Border Candy Factory Explodes

A deadly explosion at a Ciudad Juarez export factory, or maquiladora, left two workers dead and about 50 others injured on Thursday afternoon, October 24. Early news accounts reported that two or three other people were possibly missing after the blast.  The disaster was traced to an old boiler that exploded, sending walls crumbling and a floor collapsing in the plant operated by candy maker Sunrise Confections.

“A very strong explosion was heard,” said employee Mario Lopez amid sobs. “I then saw part the factory falling down and the people swept up in it, many of them burned.  There were many shouts.”

Fire broke out on the plant’s premises, fueled by spilled chemicals and sugar, and windows of homes in an adjacent residential district were reportedly shattered. While ambulances were en route to the scene, employees of a neighboring Johnson Controls plant assisted workers evacuated from the destroyed candy factory.

Emergency personnel transported the injured survivors to Mexican Social Security Institute hospitals.  Eleven of the hospitalized victims were reported in serious or critical condition, some with second or third-degree burns.

Photos published in border media showed a scene of devastation.

Chihuahua Governor Cesar Duarte and Ciudad Juarez Mayor Enrique Serrano, who took office earlier this month, pledged full support for the injured and their families. Duarte visited hospitalized victims, and added that severely injured patients could be moved to specialized treatment facilities in Texas.

Also known locally as Blueberry, the plant is one of two Ciudad Juarez factories that manufacture popular candies for large U.S. retailers, including the Real Annoying Orange Treats and Plants vs. Zombies gummies pitched during the Halloween season.

The plants are owned by Mount Franklin Foods, LLC of El Paso. Growing out of the historic border pecan industry, Mount Franklin Foods also runs a nut processing plant and corporate distribution center in El Paso.

In late 2008, as the Great Recession was hammering the borderland, Frontera NorteSur reported on a labor dispute at Blueberry.  While the main issue revolved around severance payments for more than 100 laid-off workers, former employees charged unsafe conditions at the plant had caused workers to lose limbs and suffer physical ailments.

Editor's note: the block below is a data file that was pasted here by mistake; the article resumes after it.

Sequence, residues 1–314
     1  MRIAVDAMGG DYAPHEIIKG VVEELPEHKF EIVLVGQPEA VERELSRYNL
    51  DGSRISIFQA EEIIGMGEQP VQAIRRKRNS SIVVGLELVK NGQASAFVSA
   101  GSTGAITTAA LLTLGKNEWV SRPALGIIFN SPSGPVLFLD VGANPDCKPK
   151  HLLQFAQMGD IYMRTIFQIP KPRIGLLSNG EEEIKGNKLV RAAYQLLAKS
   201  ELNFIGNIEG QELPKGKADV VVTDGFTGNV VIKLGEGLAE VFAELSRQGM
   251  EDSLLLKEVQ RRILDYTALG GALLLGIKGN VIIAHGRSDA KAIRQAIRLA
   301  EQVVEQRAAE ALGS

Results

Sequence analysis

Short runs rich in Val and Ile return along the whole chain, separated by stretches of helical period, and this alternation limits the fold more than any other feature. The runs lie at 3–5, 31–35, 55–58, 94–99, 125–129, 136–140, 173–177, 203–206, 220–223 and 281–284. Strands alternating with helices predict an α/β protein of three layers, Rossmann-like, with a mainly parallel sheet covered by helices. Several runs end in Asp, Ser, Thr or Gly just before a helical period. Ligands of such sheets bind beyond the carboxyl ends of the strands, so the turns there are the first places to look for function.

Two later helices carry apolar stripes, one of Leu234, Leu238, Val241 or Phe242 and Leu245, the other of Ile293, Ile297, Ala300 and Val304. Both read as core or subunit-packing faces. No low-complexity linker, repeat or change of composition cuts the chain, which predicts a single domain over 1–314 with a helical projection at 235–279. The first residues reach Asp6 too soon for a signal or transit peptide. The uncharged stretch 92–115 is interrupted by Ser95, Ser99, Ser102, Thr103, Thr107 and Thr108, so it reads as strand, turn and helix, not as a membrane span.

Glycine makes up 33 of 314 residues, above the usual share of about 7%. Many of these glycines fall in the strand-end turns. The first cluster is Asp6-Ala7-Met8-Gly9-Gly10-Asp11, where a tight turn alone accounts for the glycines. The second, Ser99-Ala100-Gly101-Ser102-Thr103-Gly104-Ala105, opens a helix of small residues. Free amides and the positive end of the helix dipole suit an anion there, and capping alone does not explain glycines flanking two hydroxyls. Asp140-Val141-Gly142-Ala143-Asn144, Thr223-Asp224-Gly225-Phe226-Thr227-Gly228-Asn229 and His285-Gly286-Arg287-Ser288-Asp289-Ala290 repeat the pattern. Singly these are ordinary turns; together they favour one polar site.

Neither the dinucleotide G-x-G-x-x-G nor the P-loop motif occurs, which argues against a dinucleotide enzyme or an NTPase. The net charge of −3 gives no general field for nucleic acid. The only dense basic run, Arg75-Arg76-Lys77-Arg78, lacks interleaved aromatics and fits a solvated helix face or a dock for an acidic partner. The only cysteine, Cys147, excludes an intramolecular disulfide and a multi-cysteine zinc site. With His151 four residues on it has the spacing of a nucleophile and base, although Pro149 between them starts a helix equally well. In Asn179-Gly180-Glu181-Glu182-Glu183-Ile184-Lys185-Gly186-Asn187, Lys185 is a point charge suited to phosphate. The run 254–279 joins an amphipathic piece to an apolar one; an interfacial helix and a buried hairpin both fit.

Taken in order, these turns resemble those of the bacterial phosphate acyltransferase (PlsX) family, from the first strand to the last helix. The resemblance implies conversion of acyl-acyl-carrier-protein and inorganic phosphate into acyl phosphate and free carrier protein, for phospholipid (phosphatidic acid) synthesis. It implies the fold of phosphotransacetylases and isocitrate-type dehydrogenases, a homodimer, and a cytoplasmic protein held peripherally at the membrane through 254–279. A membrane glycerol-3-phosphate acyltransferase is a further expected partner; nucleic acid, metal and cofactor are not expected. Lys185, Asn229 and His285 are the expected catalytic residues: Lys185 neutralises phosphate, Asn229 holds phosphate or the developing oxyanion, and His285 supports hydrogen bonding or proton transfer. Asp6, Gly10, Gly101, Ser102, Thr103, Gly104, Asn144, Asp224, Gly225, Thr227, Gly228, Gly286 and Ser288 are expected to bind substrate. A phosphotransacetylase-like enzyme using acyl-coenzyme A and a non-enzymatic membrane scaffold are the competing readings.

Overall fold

In the aftermath of this week’s disaster, local media reported that Blueberry experienced two smaller fires,  in 2005 and 2007 respectively, as well as a worker fatality in 2006. The manufacturer also had issues with authorities over wastewater discharges, air emissions and tax payments, according to El Diario de Juarez.

The Blueberry explosion followed several other incidents this year at maquiladoras in Ciudad Juarez and Chihuahua City that injured or sickened large groups of workers.

Early this week, 150 workers were evacuated and about 20 reportedly hospitalized after a leak of hexavalent chromium at the Arnprior Aerospace plant in Chihuahua City. Inhaled hexavalent chromium is considered a human carcinogen, and use of the substance has been restricted within the European Union.

Based in Canada, Arnprior Aerospace defines it mission as “providing mechanical structures used for multiple applications to aerospace and defense markets.”  All the products made in Mexico are exported to the United States and Canada, according to the company’s website.

Additionally, an Amex plant in Ciudad Juarez was temporarily evacuated earlier this month because of a reported bomb threat.

The October 24 Blueberry tragedy inspired scores of critical postings on Ciudad Juarez websites and social media.  The Office of the Chihuahua State Prosecutor announced that it was opening an investigation into the explosion. Unidentified workers were quoted as saying that the boiler had not been properly maintained.

The two fatalities  were tentatively identified as 18-year-old Ezequiel Salinas and Ivan Vazquez, also 18.  There was no immediate comment from Sunrise Confections about the disaster.

The Blueberry explosion raised questions about emergency response procedures and capabilities, with reports of ambulance shortages, over-taxed health care providers and hundreds of anxious relatives of workers without ready access to information about their loved ones. One news account reported that plant security personnel denied access to fire and civil protection crews for fifteen minutes, which if true, would constitute a legal violation. Mexican soldiers activated their emergency response plan, taking charge of the scene.

Sources:  Lapolaka.com, October 24 and 25, 2013. Arrobajuarez.com, October 24 and 25, 2013. El Diario de Juarez, October 24 and 25, 2013. Articles by Martin Orquiz, Daniel Dominguez,  Gabriela Minjares and editorial staff.  Nortedigital.com.mx. October 24 and 25, 2013. Articles by Uriel Ornelas and Miguel Vargas.  El Universal, October 24, 2013. Articles by Luis Alonso Fierro, David Fuentes and editorial staff.   El Paso Times, October 24, 2013. Article by Lorena Figueroa.  El Diario de Chihuahua, October 21, 2013. El Mexicano/OEM, October 3, 2013.


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